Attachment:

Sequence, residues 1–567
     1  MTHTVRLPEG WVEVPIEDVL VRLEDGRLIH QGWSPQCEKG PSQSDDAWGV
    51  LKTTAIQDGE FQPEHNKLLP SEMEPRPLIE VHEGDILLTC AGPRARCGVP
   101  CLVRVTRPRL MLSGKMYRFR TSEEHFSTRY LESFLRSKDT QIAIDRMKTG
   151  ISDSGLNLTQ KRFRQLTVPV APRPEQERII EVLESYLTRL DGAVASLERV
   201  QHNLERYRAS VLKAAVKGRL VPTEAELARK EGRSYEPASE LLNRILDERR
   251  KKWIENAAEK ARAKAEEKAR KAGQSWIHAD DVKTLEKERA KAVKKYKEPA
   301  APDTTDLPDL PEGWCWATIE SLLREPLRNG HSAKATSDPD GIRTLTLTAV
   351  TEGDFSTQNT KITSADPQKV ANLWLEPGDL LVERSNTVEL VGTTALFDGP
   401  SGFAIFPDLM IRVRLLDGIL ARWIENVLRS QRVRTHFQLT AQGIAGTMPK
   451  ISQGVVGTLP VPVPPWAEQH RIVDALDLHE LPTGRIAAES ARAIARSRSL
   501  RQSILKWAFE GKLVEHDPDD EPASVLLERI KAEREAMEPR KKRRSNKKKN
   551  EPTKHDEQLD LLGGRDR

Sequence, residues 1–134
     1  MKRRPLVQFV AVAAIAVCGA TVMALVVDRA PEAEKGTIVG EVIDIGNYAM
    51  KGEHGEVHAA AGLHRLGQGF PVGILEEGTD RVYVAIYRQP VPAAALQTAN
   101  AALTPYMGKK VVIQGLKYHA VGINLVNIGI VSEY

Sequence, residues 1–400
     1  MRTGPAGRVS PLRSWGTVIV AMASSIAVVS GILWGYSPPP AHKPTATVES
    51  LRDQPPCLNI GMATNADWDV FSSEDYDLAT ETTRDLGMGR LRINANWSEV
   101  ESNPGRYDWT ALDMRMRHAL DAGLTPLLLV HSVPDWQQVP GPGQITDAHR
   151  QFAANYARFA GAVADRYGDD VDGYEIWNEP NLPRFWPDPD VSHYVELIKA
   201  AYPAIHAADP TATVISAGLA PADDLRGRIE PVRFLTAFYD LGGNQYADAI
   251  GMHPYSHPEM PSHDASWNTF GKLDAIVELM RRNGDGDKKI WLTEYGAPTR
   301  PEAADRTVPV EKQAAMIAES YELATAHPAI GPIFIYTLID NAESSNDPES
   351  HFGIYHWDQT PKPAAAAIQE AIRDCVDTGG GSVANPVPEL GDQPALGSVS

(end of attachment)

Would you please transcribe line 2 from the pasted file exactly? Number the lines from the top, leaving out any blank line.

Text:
     1  MTHTVRLPEG WVEVPIEDVL VRLEDGRLIH QGWSPQCEKG PSQSDDAWGV